26. 26. SWAp maximizes efficiency, accountability, & community involvement Sector-wide Approaches Program (SWAp) Sector Coordination Committee SCC Forum and Working Groups • Discuss NGO activities • Address local issues • Accept New Organizations • Informal setting • Approve funding • Planning and Oversight • Regular meeting • Regular Reports Working Groups Direct Interventions Population • Community funds • Quality assurance • Local interventions • Local labor 26
  27. 27. SWAp integrates national plans with foreign investments SWAp Working Groups SWAp NGOs Local Government Global Funds Problem Action Plan Implementation 27
  28. 28. Foreseen barriers to implementation Lack of coordinated approach Inefficient funding streams Lack of political credibility Problem Action Plan Implementation 28
  29. 29. Justification for Settlements Right to water Right to Health Arbitrary deprivation of life Right to Effective Remedy Universal Declaration of Human Rights Universal Declaration of Human Rights American Declaration on the Rights and Duties of Man American Declaration on the Rights and Duties of Man American Declaration on the Rights and Duties of Man Inter-American Court of Human Rights Violations: Universal Declaration of Human Rights U.N. Human Rights Council Human rights laws: General Assembly U.N. Committee on Economic, Social, and Cultural Rights Negligent oversight of its own forces‟ waters and sanitation Problem Failing to prevent introduction of cholera into Haiti. Lack of infrastructure Action Plan Implementation 8,100 lives claimed by epidemic in Haiti Foreclosed any potential remedy for Haitians who contracted cholera 29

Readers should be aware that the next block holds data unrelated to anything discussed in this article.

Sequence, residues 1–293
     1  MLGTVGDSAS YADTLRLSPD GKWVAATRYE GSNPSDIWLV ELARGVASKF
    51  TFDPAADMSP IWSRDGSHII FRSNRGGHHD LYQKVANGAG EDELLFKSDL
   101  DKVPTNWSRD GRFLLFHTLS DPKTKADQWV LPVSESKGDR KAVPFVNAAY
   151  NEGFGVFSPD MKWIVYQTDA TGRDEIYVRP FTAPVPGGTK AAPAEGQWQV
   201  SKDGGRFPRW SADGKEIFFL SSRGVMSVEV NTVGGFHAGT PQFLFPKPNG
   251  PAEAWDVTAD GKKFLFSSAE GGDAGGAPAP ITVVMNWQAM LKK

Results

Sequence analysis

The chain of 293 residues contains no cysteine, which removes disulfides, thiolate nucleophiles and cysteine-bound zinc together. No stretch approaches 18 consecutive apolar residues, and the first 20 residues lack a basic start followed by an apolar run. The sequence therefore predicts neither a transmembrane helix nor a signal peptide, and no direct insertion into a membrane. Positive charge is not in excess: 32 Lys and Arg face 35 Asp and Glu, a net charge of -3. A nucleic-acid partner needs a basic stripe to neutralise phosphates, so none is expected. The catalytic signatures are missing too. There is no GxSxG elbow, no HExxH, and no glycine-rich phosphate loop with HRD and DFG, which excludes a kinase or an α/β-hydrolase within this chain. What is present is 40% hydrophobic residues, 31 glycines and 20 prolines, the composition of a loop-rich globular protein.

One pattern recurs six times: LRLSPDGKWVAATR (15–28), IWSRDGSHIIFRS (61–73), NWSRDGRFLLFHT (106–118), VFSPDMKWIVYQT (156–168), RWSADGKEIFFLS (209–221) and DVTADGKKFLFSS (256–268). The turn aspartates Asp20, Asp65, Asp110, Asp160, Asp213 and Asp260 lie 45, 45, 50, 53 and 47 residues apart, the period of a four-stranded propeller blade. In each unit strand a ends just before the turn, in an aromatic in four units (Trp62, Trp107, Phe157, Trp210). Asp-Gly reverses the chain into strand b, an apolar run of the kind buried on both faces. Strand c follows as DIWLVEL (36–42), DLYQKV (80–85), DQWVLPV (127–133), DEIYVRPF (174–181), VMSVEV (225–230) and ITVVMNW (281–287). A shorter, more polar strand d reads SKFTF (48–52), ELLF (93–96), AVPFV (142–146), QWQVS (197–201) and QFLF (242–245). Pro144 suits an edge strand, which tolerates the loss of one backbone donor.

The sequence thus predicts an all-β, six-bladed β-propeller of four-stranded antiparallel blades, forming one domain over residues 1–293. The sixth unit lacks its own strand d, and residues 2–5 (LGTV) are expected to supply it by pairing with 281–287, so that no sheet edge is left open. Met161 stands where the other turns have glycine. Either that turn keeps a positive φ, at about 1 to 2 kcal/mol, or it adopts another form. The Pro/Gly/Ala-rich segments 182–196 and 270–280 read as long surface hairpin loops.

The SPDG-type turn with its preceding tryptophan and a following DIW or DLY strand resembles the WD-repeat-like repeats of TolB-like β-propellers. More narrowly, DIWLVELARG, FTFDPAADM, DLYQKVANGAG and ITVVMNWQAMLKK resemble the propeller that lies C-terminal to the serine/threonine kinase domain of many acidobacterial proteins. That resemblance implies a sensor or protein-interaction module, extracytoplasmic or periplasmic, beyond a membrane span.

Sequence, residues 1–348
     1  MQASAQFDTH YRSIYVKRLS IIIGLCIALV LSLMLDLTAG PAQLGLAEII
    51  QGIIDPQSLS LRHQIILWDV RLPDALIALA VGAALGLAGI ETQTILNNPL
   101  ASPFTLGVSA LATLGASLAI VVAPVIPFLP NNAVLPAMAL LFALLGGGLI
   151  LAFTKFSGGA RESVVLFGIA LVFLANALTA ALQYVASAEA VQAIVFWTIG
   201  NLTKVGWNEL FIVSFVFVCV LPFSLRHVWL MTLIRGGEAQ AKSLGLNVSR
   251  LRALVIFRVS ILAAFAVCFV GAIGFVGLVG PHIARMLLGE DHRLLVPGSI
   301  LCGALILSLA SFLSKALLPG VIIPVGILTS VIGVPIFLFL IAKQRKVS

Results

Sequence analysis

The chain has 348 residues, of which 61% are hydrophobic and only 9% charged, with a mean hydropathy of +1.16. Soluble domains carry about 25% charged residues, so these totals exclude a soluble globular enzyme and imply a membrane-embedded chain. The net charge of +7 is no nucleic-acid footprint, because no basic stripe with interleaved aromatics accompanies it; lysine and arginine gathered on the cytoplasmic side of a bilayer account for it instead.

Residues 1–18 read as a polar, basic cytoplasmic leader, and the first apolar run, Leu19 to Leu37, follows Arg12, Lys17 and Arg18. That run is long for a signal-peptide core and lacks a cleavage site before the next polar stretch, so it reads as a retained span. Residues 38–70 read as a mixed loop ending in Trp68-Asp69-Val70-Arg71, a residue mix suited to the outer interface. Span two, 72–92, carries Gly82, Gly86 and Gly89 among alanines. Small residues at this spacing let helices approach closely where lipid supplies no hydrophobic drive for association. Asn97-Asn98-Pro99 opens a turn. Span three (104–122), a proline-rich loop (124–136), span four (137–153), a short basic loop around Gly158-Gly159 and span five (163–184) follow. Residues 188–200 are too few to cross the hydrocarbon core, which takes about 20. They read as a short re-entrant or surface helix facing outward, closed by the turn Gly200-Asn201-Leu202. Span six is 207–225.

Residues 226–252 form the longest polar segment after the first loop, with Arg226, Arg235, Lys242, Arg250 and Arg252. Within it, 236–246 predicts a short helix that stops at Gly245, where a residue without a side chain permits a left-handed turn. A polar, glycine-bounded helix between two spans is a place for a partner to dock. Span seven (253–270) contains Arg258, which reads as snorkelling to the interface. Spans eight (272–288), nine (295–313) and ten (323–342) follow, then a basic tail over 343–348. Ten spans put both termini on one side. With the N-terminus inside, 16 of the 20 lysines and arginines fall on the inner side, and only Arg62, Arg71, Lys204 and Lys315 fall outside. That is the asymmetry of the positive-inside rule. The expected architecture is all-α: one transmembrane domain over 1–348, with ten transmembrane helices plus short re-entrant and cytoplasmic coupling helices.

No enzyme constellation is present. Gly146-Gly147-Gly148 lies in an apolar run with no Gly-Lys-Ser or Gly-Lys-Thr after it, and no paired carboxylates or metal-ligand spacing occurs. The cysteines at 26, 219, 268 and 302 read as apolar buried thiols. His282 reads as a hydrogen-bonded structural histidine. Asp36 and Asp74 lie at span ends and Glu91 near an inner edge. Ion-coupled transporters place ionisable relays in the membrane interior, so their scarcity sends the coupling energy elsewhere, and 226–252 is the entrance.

30. 30. Cholera Recovery Payment Program (CRPP) 1 2 Apologize to Haitian people Form claims commission to appropriate funds 3 Cease involvement by Dec. 2017 CRPP 5 Community funds 4 Payments to families of deceased victims For adult victims: $5,000 For children victims: $1,000 Problem Action Plan Implementation 30
  31. 31. Community Sustainability Fund: key component of CRPP 1 Cease involvement by Dec. 2017 Apologize 5 CRPP 2 Claims commission Community funds 4 3 Problem Payments Action Plan Implementation CSF 31
  32. 32. Guidelines for UN 1 Actuate settlements Problem 2 Restructure SOFA agreements Action Plan Implementation 3 Restructure U.N.‟s legal immunity 4 Create a culture of accountability task force 32
  33. 33. Summary & Highlights Biological: $73M Health system: $398M Environment Social: $130M CRPP:$ 407M • Outcome 1: WASH innovations • Outcome 2: Increase sanitation coverage to 85% of Haiti Social • Outcome 1: Integrated media campaign • Outcome 2: 75% of population understand hygiene Health system • Outcome: Increase primary care access to 60% Environment: $1,986M Biological • Outcome: Immediate vaccination CRPP • Outcome 1: Settlements • Outcome 2: Community fund 33